House Dems Pass Plan to End Shutdown, Senate Unlikely to Take It Up

Speaker Nancy Pelosi brought this package — with no border wall funding — for a vote within hours of the new session's start

Image Credit: Zach Gibson/Alex Wong/Getty Images

House Democrats were able to pass a package of two bills late Thursday intended to end the partial government shutdown — though this is unlikely to become law.

There is no funding for the border wall in this package.

House Speaker Nancy Pelosi (D-Calif.) brought the package to a vote during the first day of the new session.

The package includes a temporary spending bill to give both sides time to resolve a stalemate on border security.

It would also fully fund the remaining federal departments in order to open the government again.

The Department of Homeland Security is covered by the temporary spending bill through February 8 since it overseas border security.

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President Donald Trump has rejected the proposal because it does not include $5 billion to fund his proposed border wall.

Democratic leaders have refused to give him anything for the wall — which led to the stalemate.

“As representatives, funding the federal government is one of our most important duties,” House Appropriations Committee Ranking Member Nita Lowey (D-N.Y.) said from the floor before the vote.

“Our new Democratic majority was elected to end the chaos and govern responsibly. This legislative package to end the Trump shutdown and fully fund the government consists of two parts.”

The House first passed the short-term spending bill 239 to 192 after hours of debate.

Lawmakers then immediately moved to the bill covering the remaining appropriations bills to fully fund the government, which the House passed on a 241 to 190 vote.

The partial government shutdown began when both sides failed to reach an agreement on border wall funding on December 22. Trump and congressional leaders seemed to make little progress after meeting to resolve the shutdown Wednesday.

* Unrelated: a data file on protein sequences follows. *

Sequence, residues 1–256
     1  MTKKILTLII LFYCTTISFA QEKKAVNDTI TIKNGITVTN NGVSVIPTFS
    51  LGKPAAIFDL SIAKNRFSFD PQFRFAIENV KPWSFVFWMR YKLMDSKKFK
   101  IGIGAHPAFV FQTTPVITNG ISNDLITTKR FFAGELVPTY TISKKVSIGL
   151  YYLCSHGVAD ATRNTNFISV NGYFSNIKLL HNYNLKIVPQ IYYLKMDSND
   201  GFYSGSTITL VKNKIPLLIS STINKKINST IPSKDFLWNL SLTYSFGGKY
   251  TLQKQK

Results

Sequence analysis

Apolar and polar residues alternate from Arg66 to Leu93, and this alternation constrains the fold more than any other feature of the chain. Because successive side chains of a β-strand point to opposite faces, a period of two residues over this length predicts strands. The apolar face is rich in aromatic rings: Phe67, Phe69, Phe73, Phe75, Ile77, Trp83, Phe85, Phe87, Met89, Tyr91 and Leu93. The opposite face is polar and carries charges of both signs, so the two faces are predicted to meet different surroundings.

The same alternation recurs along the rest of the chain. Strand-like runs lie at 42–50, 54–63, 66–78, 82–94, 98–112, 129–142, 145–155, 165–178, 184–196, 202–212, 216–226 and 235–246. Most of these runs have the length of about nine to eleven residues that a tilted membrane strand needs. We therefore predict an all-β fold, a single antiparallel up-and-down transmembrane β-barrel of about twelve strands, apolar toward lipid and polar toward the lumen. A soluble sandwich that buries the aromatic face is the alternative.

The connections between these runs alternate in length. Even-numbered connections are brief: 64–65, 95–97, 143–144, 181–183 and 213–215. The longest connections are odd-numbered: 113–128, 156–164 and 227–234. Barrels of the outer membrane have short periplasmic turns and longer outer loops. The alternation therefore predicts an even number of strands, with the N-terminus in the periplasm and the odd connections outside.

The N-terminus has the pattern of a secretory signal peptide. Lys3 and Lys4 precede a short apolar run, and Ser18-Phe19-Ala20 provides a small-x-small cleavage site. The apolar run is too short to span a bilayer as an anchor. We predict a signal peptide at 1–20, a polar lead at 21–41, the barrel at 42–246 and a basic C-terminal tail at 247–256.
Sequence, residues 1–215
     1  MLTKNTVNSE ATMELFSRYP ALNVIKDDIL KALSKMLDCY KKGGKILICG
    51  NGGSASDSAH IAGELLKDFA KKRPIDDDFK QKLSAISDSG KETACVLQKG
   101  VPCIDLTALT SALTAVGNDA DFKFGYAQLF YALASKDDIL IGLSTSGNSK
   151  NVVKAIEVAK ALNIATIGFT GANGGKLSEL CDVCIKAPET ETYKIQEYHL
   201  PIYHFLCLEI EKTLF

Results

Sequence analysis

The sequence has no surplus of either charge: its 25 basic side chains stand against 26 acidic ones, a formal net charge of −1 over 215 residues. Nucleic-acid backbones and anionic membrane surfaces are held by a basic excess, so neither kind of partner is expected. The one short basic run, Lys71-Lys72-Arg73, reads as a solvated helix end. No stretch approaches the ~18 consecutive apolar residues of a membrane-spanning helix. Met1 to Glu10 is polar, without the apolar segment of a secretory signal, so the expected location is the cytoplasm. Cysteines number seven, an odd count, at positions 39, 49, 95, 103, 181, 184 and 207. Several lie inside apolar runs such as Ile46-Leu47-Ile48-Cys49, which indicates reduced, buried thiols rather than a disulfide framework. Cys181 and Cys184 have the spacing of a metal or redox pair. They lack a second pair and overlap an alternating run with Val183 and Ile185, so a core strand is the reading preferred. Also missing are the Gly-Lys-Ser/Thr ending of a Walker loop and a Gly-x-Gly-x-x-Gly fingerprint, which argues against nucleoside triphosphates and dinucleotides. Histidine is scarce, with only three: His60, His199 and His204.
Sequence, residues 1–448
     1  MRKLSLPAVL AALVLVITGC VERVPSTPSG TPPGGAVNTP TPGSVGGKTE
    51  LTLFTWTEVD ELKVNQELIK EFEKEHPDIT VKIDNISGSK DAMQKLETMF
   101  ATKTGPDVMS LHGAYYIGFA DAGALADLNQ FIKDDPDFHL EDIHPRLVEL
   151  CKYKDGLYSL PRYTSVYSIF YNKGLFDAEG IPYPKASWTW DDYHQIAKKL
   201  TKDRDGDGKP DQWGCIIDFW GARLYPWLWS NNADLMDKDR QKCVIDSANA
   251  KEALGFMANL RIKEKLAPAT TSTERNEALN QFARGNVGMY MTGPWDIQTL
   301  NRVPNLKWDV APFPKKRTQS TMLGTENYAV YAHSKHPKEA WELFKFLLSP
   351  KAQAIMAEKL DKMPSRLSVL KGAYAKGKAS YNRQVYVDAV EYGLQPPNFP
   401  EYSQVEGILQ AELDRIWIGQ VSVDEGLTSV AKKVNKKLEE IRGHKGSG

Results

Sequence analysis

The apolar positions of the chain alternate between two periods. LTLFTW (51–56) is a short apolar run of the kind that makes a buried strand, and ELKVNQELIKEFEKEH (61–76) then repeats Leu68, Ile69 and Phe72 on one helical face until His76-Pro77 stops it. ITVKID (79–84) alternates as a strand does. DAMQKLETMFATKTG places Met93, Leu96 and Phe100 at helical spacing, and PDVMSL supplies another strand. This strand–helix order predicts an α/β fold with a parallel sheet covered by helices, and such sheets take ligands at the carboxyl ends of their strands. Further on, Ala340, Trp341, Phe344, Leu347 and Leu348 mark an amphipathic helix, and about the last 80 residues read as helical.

The president and his supporters have argued the issue is too important to delay it.

“Tonight there will be a smoke and mirrors vote on this House floor,” Rep. Mike Rogers (R-Ala.) said from the floor before the vote. “Democrats want to kick the can down the road and put American security on the back burner while they gear up their obstructionist agenda. It used to be that members of Congress could put partisanship aside at least on national security issues.”

Senate Majority Leader Mitch McConnell (R-Ky.) said he doesn’t plan on bringing any spending bills up for a vote that the president won’t sign.

Trump repeatedly reaffirmed his commitment to not sign spending bills that lack border wall funding.

The White House even released a message hours before the package was approved saying he’ll likely veto it.

“The shutdown is only because of the 2020 presidential election,” Trump tweeted Thursday. “The Democrats know they can’t win based on all of the achievements of ‘Trump,’ so they are going all out on the desperately needed wall and border security — and presidential harassment. For them, strictly politics.”

Senate Minority Leader Chuck Schumer (D-N.Y.) had previously said he was only willing to provide the $1.6 billion for border security. But those funds cannot go to the construction of a border wall.

He later reduced that figure to $1.3 billion during an earlier meeting before the partial shutdown. The highly contentious meeting quickly ended in an argument.

Related: House Dems Unveil Plan to End Gov’t Shutdown Without Border Wall Funding

Congress was able to fund most of the government months earlier through the two biggest spending bills. Lawmakers have already had to pass a continuing resolution to fund the federal government for two weeks to avoid a shutdown on December 7. An earlier spending bill also included a continuing resolution that extended the original deadline on September 30.

A partial government shutdown occurs when lawmakers don’t pass every appropriations bill or a continuing resolution before the end of the fiscal year. It is essentially when the government runs out of money. Federal agencies must temporarily disband all nonessential employees and functions until new funding legislation is signed into law.

But the government still maintains most of its functions — which is why this is often referred to as a partial shutdown.

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